San Jose, California passed an Opportunity to Work Ordinance, the first measure of its kind in the country. Although San Francisco, Seattle and SeaTac have adopted similar ordinances, no previous initiative has focused on providing part-time employees across all industries access to more work hours.

The San Jose Opportunity to Work Ordinance, which took effect March 13, 2017, will provide fair access to additional hours for employees in part-time or hourly positions, giving them the opportunity to earn enough to pay for the basic necessities. It will require San Jose employers to offer additional work hours to existing part-time employees before hiring new staff, including subcontractors or the use of temporary staffing services.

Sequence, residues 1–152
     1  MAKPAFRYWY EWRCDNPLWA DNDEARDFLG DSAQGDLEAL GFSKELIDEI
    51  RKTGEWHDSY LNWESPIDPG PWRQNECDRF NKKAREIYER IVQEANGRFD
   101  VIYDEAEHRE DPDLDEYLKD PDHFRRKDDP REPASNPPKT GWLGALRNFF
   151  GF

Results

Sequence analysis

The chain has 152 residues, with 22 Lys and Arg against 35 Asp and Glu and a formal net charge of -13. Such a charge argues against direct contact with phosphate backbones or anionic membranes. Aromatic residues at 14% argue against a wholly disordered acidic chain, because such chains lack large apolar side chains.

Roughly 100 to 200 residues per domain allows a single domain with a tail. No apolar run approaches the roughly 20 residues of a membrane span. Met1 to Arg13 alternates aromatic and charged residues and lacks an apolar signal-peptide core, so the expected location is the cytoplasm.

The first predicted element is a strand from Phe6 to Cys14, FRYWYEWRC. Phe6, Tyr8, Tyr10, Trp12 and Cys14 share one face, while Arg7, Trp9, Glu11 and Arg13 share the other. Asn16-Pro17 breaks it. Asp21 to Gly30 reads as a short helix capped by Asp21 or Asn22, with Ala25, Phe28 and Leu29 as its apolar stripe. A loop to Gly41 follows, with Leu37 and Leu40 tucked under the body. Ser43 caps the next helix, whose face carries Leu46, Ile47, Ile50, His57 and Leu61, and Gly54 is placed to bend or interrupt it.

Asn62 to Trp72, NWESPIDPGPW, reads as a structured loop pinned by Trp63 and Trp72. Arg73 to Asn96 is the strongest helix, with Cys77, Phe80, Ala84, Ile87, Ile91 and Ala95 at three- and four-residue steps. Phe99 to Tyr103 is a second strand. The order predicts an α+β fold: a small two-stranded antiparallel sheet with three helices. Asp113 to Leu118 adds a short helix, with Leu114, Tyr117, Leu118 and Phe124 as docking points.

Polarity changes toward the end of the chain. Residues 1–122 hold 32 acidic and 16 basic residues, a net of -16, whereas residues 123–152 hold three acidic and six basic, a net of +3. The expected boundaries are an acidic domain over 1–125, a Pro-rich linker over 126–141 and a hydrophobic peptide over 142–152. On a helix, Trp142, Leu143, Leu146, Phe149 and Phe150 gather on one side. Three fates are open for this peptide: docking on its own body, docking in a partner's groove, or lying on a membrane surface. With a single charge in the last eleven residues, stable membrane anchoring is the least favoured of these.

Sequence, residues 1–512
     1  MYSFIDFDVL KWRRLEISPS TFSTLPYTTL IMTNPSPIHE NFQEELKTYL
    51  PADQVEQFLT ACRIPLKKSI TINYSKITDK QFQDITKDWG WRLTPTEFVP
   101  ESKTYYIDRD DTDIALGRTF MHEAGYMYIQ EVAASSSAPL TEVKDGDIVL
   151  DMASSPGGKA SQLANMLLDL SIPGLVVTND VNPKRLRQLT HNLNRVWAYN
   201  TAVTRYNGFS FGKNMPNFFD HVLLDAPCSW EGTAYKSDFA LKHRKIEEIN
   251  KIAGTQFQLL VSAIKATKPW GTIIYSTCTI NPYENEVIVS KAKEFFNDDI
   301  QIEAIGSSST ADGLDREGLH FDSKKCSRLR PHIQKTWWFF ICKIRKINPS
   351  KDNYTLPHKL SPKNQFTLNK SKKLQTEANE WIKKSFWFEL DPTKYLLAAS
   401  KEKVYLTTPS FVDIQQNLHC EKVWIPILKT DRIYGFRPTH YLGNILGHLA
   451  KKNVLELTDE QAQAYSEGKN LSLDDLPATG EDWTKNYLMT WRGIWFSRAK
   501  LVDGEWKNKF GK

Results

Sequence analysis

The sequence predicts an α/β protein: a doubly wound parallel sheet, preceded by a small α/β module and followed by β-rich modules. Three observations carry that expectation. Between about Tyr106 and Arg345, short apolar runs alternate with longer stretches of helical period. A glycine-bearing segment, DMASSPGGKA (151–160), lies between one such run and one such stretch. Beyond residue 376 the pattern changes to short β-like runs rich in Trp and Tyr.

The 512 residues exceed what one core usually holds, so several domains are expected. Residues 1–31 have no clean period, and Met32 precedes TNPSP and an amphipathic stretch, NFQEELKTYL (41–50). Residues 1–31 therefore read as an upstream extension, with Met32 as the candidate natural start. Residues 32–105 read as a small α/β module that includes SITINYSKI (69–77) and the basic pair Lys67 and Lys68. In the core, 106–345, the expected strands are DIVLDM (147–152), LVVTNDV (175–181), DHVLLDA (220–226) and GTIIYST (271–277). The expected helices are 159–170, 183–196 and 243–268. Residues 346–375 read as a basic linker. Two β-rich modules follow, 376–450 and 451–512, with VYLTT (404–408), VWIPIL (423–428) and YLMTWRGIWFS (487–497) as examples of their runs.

Who must comply?

The Ordinance applies to businesses with 36 or more employees. For a chain business not owned by a franchisee, the Ordinance specifies that the total number of employees is the combined number of employees at every location of the chain, whether or not the employees are located in San Jose. For a franchisee, the total number of employees is determined by the combined total number of employees at every location owned by the franchisee operating under the same franchise, whether or not located in San Jose.

The Ordinance provides an exemption where “all or any portion” of its provisions are expressly waived in a collective bargaining agreement, although only “to the extent required by federal law.”

Who is an employee under the Ordinance?

An employee is any person who:

  • Performs at least two hours of work for an employer in a calendar week